Caffeine and Sleep: Our friends or foes as medical students?

Caffeine is consumed by 90% of all adults in the world, yet is riddled with chemicals and pharmacological effects. Caffeine has been shown to relate to diseases ranging from cancer to psychiatric disorders. Medical students are among specific groups that consume a large amount of caffeine. The perception of the effects of caffeine were positive compared to the lack of correlation between academic performance and caffeine consumption. Consumption of caffeine and reduction in sleep is commonly used in medical students in order to cope with heavy workload and stress. There is a significant association between poor sleep quality and stress. Although there are studies that show that small levels of stress can have positive effects on physiological functioning, high levels of stress are shown to affect cognitive functioning negatively. Separately poor sleep quality and excessive caffeine consumption have negative effects on mental health. As May is Mental Health Awareness Month it’s important to acknowledge the stressors that medical students face in the modern world and possible ways to reduce stress. Academic workload along with impending career stressors are more clear stressors facing medical students. Although social environment stressors can rack havoc on a medical student’s already stressful schedule, studies show that these daily stressors can lead to burnout as early as the first year of medical school. However, there is evidence illustrating a positive correlation between self-care activities and the management of stress. Studies continue to show that time constraints and stigma prevent medical students from obtaining help for their mental health. Reducing the stigma surrounding mental health awareness and self-care can allow for students to feel more comfortable in seeking help. An intriguing finding in the sleep study is that students with one or more physicians in their family have higher prevalence of poor sleep quality. This possibly demonstrates that older generations of physicians are not effectively communicating their struggles with mental health and the need for self-care to the rising generation of physicians. If this trend continues, the stigma surrounding mental health will remain the same. 

As we are the future generation of physicians and the healthcare field, being able to manage our stressors without stigmatism should be a major goal. It is not only important to take care of our mind, but we must also fuel our bodies to take on the task of becoming physicians. Self-care includes obtaining enough sleep, balanced meals, and physical activity. Paired with decreasing the stressors associated with the medical field and its’ demands. The sharing of seasoned physicians own struggles related to mental health with rising medical students had measurable positive impacts on the medical student’s view of mental health. I believe as the next generation of physicians and the future of medicine; we owe it to the following generation to decrease the stigma surrounding mental health. While working towards decreasing our own harmful habits towards our mental health, such as decreasing caffeine consumption and obtaining higher quality sleep.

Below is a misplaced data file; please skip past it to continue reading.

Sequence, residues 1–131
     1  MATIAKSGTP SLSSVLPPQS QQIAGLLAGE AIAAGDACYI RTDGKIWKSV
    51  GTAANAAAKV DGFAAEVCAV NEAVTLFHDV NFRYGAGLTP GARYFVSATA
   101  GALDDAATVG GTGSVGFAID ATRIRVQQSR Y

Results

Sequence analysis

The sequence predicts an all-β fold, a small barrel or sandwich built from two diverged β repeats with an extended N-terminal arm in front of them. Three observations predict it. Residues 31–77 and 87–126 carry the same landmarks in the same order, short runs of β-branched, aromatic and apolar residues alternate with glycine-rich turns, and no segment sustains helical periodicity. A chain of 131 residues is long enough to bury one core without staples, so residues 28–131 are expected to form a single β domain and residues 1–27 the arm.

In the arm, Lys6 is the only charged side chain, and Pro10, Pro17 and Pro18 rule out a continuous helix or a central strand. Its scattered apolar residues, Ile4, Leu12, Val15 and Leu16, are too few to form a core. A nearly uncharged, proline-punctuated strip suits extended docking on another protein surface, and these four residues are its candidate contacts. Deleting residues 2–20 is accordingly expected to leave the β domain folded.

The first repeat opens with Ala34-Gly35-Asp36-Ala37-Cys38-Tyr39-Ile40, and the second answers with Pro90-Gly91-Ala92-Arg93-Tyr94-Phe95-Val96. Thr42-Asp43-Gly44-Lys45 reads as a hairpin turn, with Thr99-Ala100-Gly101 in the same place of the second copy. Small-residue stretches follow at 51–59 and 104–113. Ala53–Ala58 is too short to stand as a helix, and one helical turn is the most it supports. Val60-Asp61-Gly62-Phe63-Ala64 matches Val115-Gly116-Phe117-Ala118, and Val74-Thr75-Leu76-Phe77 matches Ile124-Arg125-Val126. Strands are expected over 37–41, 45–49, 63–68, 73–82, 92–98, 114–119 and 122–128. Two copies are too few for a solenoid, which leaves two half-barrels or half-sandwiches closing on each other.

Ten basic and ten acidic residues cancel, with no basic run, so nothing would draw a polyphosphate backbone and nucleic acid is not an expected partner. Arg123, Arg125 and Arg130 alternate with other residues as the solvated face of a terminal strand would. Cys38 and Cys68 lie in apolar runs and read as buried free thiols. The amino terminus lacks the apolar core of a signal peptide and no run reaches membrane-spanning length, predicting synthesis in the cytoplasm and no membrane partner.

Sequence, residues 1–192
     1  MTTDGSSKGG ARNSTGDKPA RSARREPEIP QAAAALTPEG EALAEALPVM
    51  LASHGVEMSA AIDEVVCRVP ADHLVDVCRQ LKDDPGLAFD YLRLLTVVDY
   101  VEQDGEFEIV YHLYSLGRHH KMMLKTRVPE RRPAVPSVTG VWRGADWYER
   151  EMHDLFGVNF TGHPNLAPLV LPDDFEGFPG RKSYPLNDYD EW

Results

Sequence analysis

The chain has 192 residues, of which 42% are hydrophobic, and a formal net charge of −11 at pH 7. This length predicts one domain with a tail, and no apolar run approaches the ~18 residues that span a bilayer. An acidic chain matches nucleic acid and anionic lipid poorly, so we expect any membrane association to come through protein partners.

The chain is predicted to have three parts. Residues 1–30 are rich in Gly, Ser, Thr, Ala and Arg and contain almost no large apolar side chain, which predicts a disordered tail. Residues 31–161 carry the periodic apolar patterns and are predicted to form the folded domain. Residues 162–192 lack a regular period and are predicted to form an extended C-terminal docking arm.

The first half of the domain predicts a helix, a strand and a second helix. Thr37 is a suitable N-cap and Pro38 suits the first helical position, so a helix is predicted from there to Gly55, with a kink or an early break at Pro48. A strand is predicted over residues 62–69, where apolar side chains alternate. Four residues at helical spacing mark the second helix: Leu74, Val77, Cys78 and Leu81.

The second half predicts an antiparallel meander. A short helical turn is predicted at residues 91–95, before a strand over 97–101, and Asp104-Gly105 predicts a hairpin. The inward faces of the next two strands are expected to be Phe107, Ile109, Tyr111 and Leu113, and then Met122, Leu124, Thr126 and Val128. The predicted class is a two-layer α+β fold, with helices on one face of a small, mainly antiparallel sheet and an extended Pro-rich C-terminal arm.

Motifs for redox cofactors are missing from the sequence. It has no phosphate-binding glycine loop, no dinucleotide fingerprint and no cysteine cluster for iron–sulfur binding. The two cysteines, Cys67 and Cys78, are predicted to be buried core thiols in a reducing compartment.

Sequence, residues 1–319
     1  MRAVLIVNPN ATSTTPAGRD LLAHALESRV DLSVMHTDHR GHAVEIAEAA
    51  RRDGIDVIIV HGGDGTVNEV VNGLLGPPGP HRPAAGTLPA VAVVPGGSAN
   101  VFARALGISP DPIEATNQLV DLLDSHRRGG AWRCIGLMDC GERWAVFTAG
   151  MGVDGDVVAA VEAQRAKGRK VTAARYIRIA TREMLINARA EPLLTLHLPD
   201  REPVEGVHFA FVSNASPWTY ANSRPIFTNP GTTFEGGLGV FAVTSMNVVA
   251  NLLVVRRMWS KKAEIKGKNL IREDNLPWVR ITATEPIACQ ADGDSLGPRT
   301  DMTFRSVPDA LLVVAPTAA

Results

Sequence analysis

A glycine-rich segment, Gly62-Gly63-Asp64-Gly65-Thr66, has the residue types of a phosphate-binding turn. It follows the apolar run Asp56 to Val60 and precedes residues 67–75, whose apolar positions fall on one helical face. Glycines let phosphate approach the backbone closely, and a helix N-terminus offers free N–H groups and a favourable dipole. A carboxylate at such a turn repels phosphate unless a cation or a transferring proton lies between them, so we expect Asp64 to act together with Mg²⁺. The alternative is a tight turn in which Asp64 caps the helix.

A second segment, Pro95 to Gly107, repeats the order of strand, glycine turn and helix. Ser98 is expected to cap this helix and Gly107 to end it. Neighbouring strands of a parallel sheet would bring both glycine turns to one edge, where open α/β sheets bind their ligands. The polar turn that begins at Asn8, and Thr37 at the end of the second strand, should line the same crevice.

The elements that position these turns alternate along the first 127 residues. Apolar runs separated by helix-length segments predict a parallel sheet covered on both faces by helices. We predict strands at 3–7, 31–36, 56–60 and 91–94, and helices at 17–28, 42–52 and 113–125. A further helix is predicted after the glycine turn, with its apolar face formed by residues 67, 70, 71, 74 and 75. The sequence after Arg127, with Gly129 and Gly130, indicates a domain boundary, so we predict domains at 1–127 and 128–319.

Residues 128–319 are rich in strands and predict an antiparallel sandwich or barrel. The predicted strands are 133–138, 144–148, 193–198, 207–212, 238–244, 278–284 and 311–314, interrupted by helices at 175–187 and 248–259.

Abdullah I. Almojali, Sami A. Almalki, Ali S. Alothman, Emad M. Masuadi, Meshal K. Alaqeel,The prevalence and association of stress with sleep quality among medical students,Journal of Epidemiology and Global Health,Volume 7, Issue 3,2017,Pages 169-174,ISSN 2210-6006

Ayala, E.E., Winseman, J.S., Johnsen, R.D. et al. U.S. medical students who engage in self-care report less stress and higher quality of life. BMC Med Educ18, 189 (2018).

Bordeaux, Bryan, and Harris R. Lieberman. “Benefits and risks of caffeine and caffeinated beverages.” UpToDate. com(2016).

Martin A, Chilton J, Gothelf D, Amsalem D. Physician Self-disclosure of Lived Experience Improves Mental Health Attitudes Among Medical Students: A Randomized Study. Journal of Medical Education and Curricular Development. January 2020. doi:10.1177/2382120519889352

Monica R. Hill, Shelby Goicochea & Lisa J. Merlo (2018) In their own words: stressors facing medical students in the millennial generation, Medical Education Online, 23:1, DOI: 10.1080/10872981.2018.1530558

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